Building on the UNFCCC (United Nations Framework Convention on Climate Change) requirement for all countries to assess national vulnerability to climate change and to make plans for adaptation, PRECIS was developed. It is a regional climate modelling system developed over the past 15 years at the Met Office Hadley Centre. PRECIS is aimed at scientists in developing countries, allowing users to easily produce downscaled climate projections for any region of the world without requiring extensive IT infrastructure, simultaneously building capacity and drawing on local climatological expertise. These scenarios can be used in impact, vulnerability and adaptation studies, and to aid in the preparation of National Communications, as required under Articles 4.1, 4.8 and 12.1 of the UNFCCC.
Since its debut, over 500 scientists, academics, students, researchers from around the world have been trained in using PRECIS and have gone on to write a large number of reports, journal articles and national communications. The PRECIS system can run on a PC and comprises:
- An RCM that can be applied easily to any area of the globe to generate detailed climate change predictions,
- A simple user interface to allow the user to set up and run the RCM, and
- A visualisation and data processing package to allow display and manipulation of RCM output.
It is currently installed and run in-country. Due to advances in both computing and advances in global climate modelling this is no longer a viable option due to (1) the increasing size of the driving datasets and (2) the difficulties in maintaining multiple installations in country on multiple platforms. Work is currently ongoing to deploy an upgraded PRECIS system on JASMIN alongside efforts to create user-friendly software tools to analyse and visualise other large climate data sets already available through JASMIN/BADC. We will discuss here the evolving role of regional modelling systems, such as PRECIS, arguing that despite these challenges such systems remain critical as capacity building and training tools.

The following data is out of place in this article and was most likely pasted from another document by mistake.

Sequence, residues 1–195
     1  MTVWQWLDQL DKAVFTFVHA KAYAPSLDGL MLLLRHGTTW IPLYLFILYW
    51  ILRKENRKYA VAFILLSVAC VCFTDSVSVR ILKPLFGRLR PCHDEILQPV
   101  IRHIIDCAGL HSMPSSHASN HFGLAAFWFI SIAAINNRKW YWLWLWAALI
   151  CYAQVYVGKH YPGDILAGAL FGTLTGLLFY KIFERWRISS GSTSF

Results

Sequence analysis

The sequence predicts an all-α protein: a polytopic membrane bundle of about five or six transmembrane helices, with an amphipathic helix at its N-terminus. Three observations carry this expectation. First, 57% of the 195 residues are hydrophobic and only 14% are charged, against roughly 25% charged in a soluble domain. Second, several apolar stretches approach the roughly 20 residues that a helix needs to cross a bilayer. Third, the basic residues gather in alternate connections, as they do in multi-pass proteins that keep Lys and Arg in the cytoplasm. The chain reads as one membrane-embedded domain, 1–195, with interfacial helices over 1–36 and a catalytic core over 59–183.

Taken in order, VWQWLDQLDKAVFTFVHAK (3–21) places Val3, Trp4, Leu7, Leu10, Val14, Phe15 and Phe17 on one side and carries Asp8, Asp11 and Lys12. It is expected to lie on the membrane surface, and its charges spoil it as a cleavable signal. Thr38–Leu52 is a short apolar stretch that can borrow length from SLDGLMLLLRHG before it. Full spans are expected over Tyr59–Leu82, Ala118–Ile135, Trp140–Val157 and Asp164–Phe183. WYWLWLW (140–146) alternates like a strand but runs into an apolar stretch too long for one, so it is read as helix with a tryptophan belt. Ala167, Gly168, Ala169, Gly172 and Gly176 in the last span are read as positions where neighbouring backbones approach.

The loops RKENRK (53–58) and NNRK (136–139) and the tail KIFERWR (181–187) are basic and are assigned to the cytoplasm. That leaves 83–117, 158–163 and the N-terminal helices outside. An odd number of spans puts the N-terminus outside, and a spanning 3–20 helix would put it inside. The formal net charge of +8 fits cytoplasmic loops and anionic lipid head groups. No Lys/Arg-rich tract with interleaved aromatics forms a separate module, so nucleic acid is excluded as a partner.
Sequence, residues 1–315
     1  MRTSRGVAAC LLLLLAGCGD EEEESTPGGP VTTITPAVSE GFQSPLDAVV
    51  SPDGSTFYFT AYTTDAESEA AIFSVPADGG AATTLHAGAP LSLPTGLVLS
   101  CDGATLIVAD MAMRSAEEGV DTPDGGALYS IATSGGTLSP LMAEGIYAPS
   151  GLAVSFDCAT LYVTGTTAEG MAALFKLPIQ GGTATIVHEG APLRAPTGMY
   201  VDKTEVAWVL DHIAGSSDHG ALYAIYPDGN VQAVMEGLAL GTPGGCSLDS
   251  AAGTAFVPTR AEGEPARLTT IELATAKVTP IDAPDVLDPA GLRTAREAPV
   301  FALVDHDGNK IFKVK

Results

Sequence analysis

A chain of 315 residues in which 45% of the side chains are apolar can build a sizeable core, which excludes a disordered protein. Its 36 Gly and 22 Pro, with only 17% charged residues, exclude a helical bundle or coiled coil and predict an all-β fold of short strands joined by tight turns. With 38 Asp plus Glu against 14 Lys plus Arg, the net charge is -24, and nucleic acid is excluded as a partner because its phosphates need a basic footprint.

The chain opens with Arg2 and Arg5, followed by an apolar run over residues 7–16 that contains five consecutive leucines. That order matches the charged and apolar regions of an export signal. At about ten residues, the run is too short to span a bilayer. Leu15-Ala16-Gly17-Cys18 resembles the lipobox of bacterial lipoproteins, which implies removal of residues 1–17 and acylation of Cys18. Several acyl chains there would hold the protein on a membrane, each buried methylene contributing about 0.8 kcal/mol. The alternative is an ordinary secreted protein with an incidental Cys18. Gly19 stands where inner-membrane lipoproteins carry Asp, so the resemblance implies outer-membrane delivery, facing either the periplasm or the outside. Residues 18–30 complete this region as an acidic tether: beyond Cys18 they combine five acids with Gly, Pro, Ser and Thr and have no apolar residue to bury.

In addition, the Met Office College is increasingly providing tailored training to support the expansion of climate services in developing countries. For example, in June 2017 a new ‘Basic Principles of Interpreting Seasonal Forecasts’ course was trialled in Arusha, Tanzania. The course is designed to bring together Met services and advisors from priority stakeholder groups to improve the interpretation and communication of seasonal forecast products. The course designed for an African audience incorporated a range of blended learning techniques to engage advisors from priority stakeholder groups including water, agriculture and energy with zonal officers from the Tanzania Meteorological Agency.
Blended learning techniques are increasingly being used as a best practice training measure, having successfully been trialled to engage stakeholders with climate services training across the East African Region such as training delivered to East African Meteorological Agencies through the WISER (Weather and Climate Information Services for Africa) programme. As the demand for climate services increases, and advances in technology change the way we produce and consume information, we argue that capacity building and training activities need to evolve. The community must coordinate to ensure training activities are complementary, strategically aligned, adopt best practice training techniques, and make best use of limited resources.